Honor Codes Gone AWOL

At America's military academies, it seems that integrity itself has gone AWOL. The worst cheating scandal ever to hit the U.S. Naval Academy continues to make headlines. Recent reports say 26 Academy midshipmen have been expelled for their role in the scandal, while several others have received lesser penalties. The students' offense was to circulate pirated copies of an upcoming exam—with some even selling copies of the test for $50. What troubles many Americans is that our military academies have always held to the highest standards of conduct. These cadets are the cream of the crop. Everyone who enters the Naval Academy vows not to "lie, steal, cheat, nor tolerate . . . anyone who does." That last phrase means midshipmen enforce the honor code themselves, turning in anyone who violates it. And in the past, they did enforce it—diligently. Professors giving a test could leave the classroom with complete confidence that students would not cheat. But today that high standard has been thrown overboard. According to an official report, cadets told investigators that the honor code had become an abstract ideal that "simply could not be applied to . . . daily life." As one cadet put it, "You have to understand the kind of pressure people are under here." In other words, the students are reinterpreting the honor code to read, I will not lie, steal, cheat—unless I'm under a lot of pressure in my daily life. What this tells us is that moral relativism has penetrated even the polished walls of our military academies. For many cadets, the operative honor code is simply situation ethics: Make up your rules according to the situation. What a tragic decline from former days of glory. In the past, the military academies were moral fortresses in a stormy sea of relativism. When I was in the Marine Corps, I remember it was the academy graduates who held most firmly to the ideals of duty, honor, and country. The academies built their walls on tradition and group identity—esprit de corps. Students at other universities might lie and cheat, so the reasoning went. But never at the military academies, with their traditions and strict honor codes. No one ever guessed that a full seven percent of the Naval Academy's graduating class would one day take part in a cheating scandal. The lesson for us is that there are no "safe places" in a culture losing its moral base. The last bastions of integrity and honor are no longer holding. If even our military academies are faltering, there can be no doubt that the rest of America is in serious trouble. This means that you and I need to work more diligently than ever at the moral education of our own young people. No one else is going to do the job. The best the secular world had to offer was the strong tradition and esprit de corps represented by the military academies. But even that was not enough. It is clearer than ever that the only real basis for morality are the standards revealed in God's Word. Dostoyevsky has been proved right: You cannot really be good without God.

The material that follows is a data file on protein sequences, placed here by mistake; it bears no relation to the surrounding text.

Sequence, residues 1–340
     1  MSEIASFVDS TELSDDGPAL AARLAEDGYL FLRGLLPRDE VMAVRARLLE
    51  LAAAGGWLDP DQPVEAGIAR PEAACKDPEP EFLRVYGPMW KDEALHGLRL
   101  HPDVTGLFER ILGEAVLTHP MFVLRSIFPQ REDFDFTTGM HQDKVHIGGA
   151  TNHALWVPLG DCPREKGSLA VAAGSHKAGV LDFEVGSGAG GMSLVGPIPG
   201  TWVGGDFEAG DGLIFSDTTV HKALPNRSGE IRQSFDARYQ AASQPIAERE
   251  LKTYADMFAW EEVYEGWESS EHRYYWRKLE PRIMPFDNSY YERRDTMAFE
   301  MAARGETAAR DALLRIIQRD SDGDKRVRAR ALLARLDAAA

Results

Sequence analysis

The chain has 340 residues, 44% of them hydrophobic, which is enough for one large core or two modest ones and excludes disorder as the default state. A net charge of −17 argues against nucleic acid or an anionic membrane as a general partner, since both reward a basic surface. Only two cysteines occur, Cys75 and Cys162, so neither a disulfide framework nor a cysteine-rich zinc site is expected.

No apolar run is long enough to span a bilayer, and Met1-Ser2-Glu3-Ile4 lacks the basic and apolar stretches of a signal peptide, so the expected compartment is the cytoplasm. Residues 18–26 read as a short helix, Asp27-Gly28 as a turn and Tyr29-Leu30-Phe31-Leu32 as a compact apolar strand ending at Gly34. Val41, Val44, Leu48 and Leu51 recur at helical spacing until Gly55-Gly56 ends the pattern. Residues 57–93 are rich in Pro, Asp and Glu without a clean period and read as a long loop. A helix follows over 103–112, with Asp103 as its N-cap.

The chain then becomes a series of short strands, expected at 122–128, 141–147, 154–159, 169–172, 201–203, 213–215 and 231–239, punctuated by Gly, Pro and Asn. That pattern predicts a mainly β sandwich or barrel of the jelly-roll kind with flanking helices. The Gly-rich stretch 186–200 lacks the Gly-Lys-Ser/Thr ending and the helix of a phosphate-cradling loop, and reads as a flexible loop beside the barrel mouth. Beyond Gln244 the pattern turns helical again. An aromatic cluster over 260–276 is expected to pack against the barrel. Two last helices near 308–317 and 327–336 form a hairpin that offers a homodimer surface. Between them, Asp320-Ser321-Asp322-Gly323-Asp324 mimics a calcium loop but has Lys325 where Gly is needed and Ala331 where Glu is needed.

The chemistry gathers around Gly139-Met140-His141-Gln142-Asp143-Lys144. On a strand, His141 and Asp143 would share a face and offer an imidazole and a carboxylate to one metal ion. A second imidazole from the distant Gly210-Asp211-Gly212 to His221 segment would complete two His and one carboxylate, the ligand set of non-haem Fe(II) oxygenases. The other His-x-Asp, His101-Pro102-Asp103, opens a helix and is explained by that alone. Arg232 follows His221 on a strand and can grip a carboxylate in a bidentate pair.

Chuck Colson


  • Facebook Icon in Gold
  • Twitter Icon in Gold
  • LinkedIn Icon in Gold

Sign up for the Daily Commentary